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Civics Part 3: Active citizen Pierre Trudeau

Culminating activity for CHV 2O5

Holly Scott

on 12 November 2012

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Transcript of Civics Part 3: Active citizen Pierre Trudeau

Holly Scott
Mr. Henderson
November 8, 2012 Active Citizenship:
Pierre Trudeau Trudeau's Personal Life Born on October 18, 1919, in Montreal, Canada Died September 28, 2000 Canadian politician: 15th Prime Minister of Canada, representing the Liberal party Earned a law degree at Université de Montréal in 1943, and later a master's degree in political economy at Harvard University Married Margaret Sinclair with whom he had three children: Justin, Alexandre, and Michel Retired from politics on June 30, 1984 Was Prime Minister from April 20, 1968 to June 4, 1979, and again from March 3, 1980 to June 30, 1984 Minister of Justice and Attorney General of Canada from April 4, 1967 to July 5, 1968 Trudeau as PM How was Trudeau a global citizen? 1. He wanted a fair, just society. Trudeau, in his reign as Prime Minister of Canada, was a vigorous
believer in creating freedom, equality, and justice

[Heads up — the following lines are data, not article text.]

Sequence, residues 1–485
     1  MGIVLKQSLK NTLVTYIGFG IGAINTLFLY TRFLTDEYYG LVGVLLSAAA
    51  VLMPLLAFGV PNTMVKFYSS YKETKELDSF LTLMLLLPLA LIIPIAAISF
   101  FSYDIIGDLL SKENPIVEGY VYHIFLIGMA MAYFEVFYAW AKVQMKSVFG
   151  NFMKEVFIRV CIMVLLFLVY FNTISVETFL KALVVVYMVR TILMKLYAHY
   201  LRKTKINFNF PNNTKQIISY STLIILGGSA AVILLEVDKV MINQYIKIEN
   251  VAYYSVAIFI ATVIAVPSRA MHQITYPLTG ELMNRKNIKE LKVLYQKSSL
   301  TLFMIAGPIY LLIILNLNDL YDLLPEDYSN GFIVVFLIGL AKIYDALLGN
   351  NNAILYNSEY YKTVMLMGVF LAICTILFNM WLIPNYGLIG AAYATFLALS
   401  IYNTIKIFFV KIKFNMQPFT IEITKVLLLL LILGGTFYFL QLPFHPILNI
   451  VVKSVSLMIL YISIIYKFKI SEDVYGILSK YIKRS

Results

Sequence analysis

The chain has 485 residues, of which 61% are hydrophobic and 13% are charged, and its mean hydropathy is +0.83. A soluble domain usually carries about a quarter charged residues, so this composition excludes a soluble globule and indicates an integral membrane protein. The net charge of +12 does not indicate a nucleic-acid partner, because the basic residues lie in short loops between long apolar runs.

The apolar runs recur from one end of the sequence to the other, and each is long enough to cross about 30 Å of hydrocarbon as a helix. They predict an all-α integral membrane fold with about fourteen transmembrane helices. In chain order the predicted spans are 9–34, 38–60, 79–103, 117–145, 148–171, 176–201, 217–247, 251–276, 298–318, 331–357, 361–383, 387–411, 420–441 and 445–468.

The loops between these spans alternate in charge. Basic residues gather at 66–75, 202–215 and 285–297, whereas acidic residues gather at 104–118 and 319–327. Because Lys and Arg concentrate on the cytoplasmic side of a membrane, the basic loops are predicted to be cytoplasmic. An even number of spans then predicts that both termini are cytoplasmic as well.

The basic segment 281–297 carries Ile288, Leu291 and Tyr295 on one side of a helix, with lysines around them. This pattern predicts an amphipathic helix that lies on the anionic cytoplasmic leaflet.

for all citizens. From implementing official bilingualism in Canada to establishing the Canadian Charter of Rights and Freedoms, Trudeau's great determination for social justice is truly evident of his global citizenship, and of course, a representation of civic responsibility. Morally, being a figure of such immense power, he had an obligation to deliver appropriate rights, freedoms, and securities to others, which he rightfully expected for himself as well. To add, as Prime Minister, he had a duty to create a peaceful environment for the people. Trudeau envisioned, desired, and enacted simply a multitude of circumstances that he foresaw as being beneficial, favourable, and overall equitable for the population as a whole. Above all, Trudeau acted for the total prosperity of humanity and for the common good of Canadian citizens, which is, truly, the connotation of a global citizen, and part of his civic obligation. 2. He heavily supported multiculturalism. Trudeau signing the Canadian Charter of Rights and Freedoms with Queen Elizabeth II; part of his unparalleled global citizenship In claiming status as a global citizen, the most critical thing one must do overall is act for the benefit of humankind and the Earth as a whole. With that said, the acceptance and encouragement of social, ethnic, and cultural diversity is an important component of global citizenship due to the fact that it makes one aware of the world around them, above all, and opens the door for new ideas, thoughts, and actions. Pierre Trudeau, himself, had total belief in diversity, which indeed contributes to his global citizenship. On October 8, 1971, Trudeau was the one who introduced the Multiculturalism Policy in Canada, the first of its kind in the world, and as well, he largely protected multiculturalism in the Canadian Charter of Rights and Freedoms. His respect and endorsement of human diversity was, additionally, an example of civic responsibility, because he, as Prime Minister, not only had an obligation to defend all individuals and their backgrounds, but also to respect the culture and identity of citizens, avoiding any discrimination, as they gave him the same respect. Conclusively, Trudeau's devotion toward multiculturalism is a true indicator of his global citizenship, and is a civic responsibility. The Multiculturalism Policy of Canada, signed by Trudeau Key Contributions First, possibly one of the largest and most important contributions in the history of Canada, Trudeau established the Canadian Charter of Rights and Freedoms, which has deeply influenced the face of Canadian society through security, reassurance, fortitude, and unification of citizens. Secondly, Trudeau implemented official bilingualism in Canada, which is, undoubtedly, a very important part of Canada's population, overall equality, and identity. Bilingualism provides, above all, equal linguistic rights for citizens, and assures government and legal services in either English or French, which is crucial for Canadian equality of rights, freedoms, and privileges, justice, and unity. Lastly, yet another significant contribution to Canadian society, Trudeau was the one who adopted multiculturalism in Canada, creating the Multiculturalism Policy in 1971. Recognizing this plurality of cultures has left a legacy in Canada of acceptance, new ideas, equality, and national friendship. Thirdly, another very important contribution to Canada was from Trudeau as Minister of Justice; the Criminal Law Amendment Act of 1968-69, among others, decriminalized homosexual acts between consenting adults, legalized contraception and abortion, and authorized breathalyzer tests on suspected drunk drivers. All of the previously mentioned, along with some additional features, made serious, extremely important changes to criminal law in Canada, and most importantly, benefited society, for the most part. People in a parade for multiculturalism; shows Trudeau's impact even years after he passed away Significant Quotations 1. Pierre Trudeau himself said and lived by the motto, “Le raison avant la passion - Reason over passion.” 2. Jean Chrétien, 20th Prime Minister of Canada, said about Trudeau, "A man of extraordinary courage, a complex man whose love for Canada was pure and simple. He set in motion forces of change that are still shaping the soul of a people and a nation. It was his passion for Canada that defined him. It was his dream of a just society that captured the imagination of a country." Not only does this expression demonstrate Trudeau's likely logical way of thinking, as he is putting logic and reason ahead of his emotions when it comes to the affairs of his life, but also reveals an important component of his decision-making style and personality. It means that, when faced with any set of circumstances, although Trudeau could have a strong passion or personal belief toward something, he would primarily consider and ultimately act upon the path that is most favourable for citizens as a whole. That being said, this quote is also evidence of his global citizenship, because he recognized that acting reasonably and responsibly, for the greater good of humanity, will reap higher benefits than only acting on behalf of oneself. Additionally, this quotation has a significant meaning for people in general because it is trying to convey that, although individual passion is important, acting and making decisions, such as voting, with the use of reason has a more positive effect for those around you, and often yourself as well. Before doing something out of emotion, one should truly think critically, research, and consider different possibilities. In the end, it is more important to make decisions for the greater good than simply for oneself. Literally, Chrétien was speaking about Trudeau as a courageous, complex, passionate, and influential man with a love for Canada. But more so, Chrétien revealed that Trudeau's undeniable affection for his country was so powerful that it was, in essence, his definition as a human being. This, in turn, means that Trudeau genuinely cared about Canada and its people, so much that he would do whatever it took to assure peace, prosperity, and amity among citizens. Trudeau's absolute fervour for his nation was seemingly his life's purpose. Secondly, this quotation is additionally significant to citizens, firstly, because it reflects upon Trudeau's enormous impact on our society, both then and now, and how his vision of change in Canada has shaped the way we live. To add, the quotation reminds us, as a society, of our immense gratitude towards social equality, justice, and freedom. We, since Trudeau first conceptualized the idea, have embraced and been captivated by the notion of a just society, and have highly valued it in our lives to this day. Citizens should never forget the significance and importance of the propitious society in which we live, exercising our rights and accepting our responsibilities each day. "It was his passion for Canada that defined him." THANKS FOR WATCHING!